In response to "About motivation"

By Robin Andeer. This article was published on March 16, 2015.

This post is written as a follow-up to "About motivation" in which @guillemch writes about going through recurring cycles with lack of motivation. He shares his thought on why they take place as well as dealing out some general tips on how to lift yourself out of those rough patches.


From mid December to mid February, I entered some kind of vicious cycle of demotivation [...] this is not the first time that happens to me, and I know that this is a common issue, [e]specially among programmers, so I started thinking about the cause of these demotivation peaks."

Motivation is a tricky subject, overlapping with procrastination, inspiration, productivity, and discipline. Let's see if I can stay on topic.

What makes me lose motivation

I can emphasize with all three main points the original author brings up for why he gets unmotivated; repetitive tasks, frustration born from things that are out of his control, and procrastination. Beyond these culprits I have only a few thing to add:

Lack of context

Solving big enough problems require us to break them down into smaller pieces. Preferably encapsulated components with their own state. If I can't grasp the full context of a problem at hand, my attention quickly dissipates. The idea comes from the The Guerrilla Guide to Interviewing in which the author argues that keeping many abstract things in your head is a skill that separates average programmers from great programmers. Possible causes for losing context include interruption, too tightly coupled systems (poor engineering), and being spread too thin across several unrelated tasks.

Draining mental energy

"You’re working on something and you start Google-ing for some issue you’re having — “Hmm this conversation is interesting [...] I’m going to read about it [...] boom! Suddenly the day has gone ..."

One problem I have is that I make small, often meaningless, choices constantly. When I'm coding and decide not to check for new Slack notifications - that's a choice. -2 mental energy points. By the end of the day, I am often too mentally exhausted to do anything but watch TV shows. The path of least mental effort. Therefore, I try to start the day with the ambition to reduce the number of choices I have to make. Essentially eliminating distractions and planning how to structure my day's work once and for all.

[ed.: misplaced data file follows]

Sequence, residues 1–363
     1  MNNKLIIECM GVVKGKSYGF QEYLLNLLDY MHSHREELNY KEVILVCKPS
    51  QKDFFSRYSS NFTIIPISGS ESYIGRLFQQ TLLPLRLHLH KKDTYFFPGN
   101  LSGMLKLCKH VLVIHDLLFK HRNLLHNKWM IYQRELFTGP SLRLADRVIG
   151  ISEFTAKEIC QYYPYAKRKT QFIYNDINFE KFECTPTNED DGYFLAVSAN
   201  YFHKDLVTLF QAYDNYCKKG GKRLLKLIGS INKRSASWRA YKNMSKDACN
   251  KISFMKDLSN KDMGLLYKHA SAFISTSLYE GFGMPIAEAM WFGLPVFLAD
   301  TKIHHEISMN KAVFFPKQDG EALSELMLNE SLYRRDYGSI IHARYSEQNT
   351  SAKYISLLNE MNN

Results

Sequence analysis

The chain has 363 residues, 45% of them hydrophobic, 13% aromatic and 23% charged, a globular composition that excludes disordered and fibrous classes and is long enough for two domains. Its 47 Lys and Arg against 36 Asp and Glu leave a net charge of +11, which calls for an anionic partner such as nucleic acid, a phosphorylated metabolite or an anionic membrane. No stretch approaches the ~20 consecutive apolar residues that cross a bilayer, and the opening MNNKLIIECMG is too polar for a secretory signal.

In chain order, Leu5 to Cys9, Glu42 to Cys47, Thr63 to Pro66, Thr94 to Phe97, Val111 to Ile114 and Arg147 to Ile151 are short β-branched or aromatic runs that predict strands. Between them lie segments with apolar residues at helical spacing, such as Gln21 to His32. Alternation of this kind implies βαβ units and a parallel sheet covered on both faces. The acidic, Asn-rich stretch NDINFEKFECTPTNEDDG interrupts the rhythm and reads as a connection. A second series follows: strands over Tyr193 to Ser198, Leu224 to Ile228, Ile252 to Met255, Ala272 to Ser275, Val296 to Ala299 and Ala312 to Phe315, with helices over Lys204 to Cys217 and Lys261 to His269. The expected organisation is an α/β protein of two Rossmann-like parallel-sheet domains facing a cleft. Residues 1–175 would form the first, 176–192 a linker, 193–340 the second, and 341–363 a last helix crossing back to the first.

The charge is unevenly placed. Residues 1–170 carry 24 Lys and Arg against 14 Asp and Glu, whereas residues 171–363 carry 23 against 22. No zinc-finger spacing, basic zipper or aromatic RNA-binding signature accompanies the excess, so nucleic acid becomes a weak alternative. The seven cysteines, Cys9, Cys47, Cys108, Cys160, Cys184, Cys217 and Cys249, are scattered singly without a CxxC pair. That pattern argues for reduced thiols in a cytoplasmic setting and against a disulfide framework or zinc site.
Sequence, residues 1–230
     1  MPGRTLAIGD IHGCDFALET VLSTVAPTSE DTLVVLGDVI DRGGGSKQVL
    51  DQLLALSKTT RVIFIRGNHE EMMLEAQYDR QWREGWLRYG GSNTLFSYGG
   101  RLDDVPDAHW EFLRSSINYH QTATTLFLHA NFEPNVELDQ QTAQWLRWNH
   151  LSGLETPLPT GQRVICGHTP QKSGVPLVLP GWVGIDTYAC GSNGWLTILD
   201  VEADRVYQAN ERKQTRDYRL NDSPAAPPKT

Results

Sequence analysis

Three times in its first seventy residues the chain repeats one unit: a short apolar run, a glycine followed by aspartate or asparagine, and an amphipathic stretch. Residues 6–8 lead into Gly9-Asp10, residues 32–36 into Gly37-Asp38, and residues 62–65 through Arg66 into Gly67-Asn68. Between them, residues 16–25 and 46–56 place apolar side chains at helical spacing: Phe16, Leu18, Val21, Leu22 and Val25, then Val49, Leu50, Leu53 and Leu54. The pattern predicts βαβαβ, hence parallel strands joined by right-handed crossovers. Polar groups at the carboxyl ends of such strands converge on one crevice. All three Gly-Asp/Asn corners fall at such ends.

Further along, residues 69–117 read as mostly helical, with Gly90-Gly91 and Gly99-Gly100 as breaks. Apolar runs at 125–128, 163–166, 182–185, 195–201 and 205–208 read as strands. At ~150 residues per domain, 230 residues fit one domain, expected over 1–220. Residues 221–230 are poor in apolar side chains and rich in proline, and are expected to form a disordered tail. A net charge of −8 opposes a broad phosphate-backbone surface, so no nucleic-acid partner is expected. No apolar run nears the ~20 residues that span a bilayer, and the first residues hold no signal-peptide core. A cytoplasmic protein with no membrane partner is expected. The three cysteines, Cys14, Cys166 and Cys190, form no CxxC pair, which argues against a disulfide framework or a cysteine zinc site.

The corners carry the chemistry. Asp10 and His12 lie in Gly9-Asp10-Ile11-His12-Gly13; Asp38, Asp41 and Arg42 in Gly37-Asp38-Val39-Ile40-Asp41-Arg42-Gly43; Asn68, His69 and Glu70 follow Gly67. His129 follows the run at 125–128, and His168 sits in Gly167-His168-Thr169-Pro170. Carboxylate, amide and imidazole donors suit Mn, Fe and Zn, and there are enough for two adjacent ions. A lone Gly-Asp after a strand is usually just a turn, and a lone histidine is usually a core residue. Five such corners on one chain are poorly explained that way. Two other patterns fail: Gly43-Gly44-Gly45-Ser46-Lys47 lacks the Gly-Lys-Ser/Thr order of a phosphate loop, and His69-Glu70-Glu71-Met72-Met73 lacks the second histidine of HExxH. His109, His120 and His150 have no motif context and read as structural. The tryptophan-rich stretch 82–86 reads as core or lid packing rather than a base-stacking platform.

How to get or stay motivated

"It is difficult, but be strong, sit down and work on that task as soon as possible."

A while ago I found a short opinion piece that I can see myself coming back to every now and again just to remind myself of these wise words: Just fucking do it.

"[avoid] down-prioritizing it in your TODO list".

Indeed, but what if I already have those unwieldily lists of TODOs? My solution; declaring bankruptcy. Accepting my "sunk costs". Earlier in my life I was training to earn my drivers license. I felt a lot of pressure from my surrounding to go through with it. It created a lot of stress in my life that was suddenly lifted when I decided to just drop it. Isn't it interesting how this sense of relief can lift you up in moments of sometimes great emotional distress?

"Being truthful to yourself is important, and will help you to keep a good mood and energy."

This totally rings true to me. In fact, I feel it might be the single most important endeavour I should devote my future efforts towards.

"[...] the important thing here is that you know what makes you feel better, and that you find the time for those things [...]"

Actually, I'm not sure I always know what makes me feel better. Getting to know myself as well as accepting who that person truly is does bring me closer to that goal though. If something comes natural to me I should just embrace it, right? I'm not going to pretend this is an easy task. I wouldn't be as far along this path if it wasn't for a dear friend who has begun to elevate me above those external expectations and beyond those nagging thoughts. He reinforced the notion that if you just follow your instincts and do what makes you happy; good things will follow.

Don't complicate things

I'm used to second guessing my every move. I often make simple choices out to be extremely complicated. Not only does it waste time but also valuable mental energy and sways confidence. Even if none of this comes natural to me, I will try harder to trust my intuition going forward. I've recently discovered that even the big topics in life don't have to be very complicated. I will continue to treat people's emotions with care and I will do my best to be patient. But the point is rather that if something feels right - I will go for it - it probably is what I'm supposed to do. If something feels wrong - I will avoid it - it's probably something I will regret doing in the future.


Definitely read the original article and thank you for letting me share my response. Do reach out on Twitter or comment on Hacker News if you feel inspired to do so.

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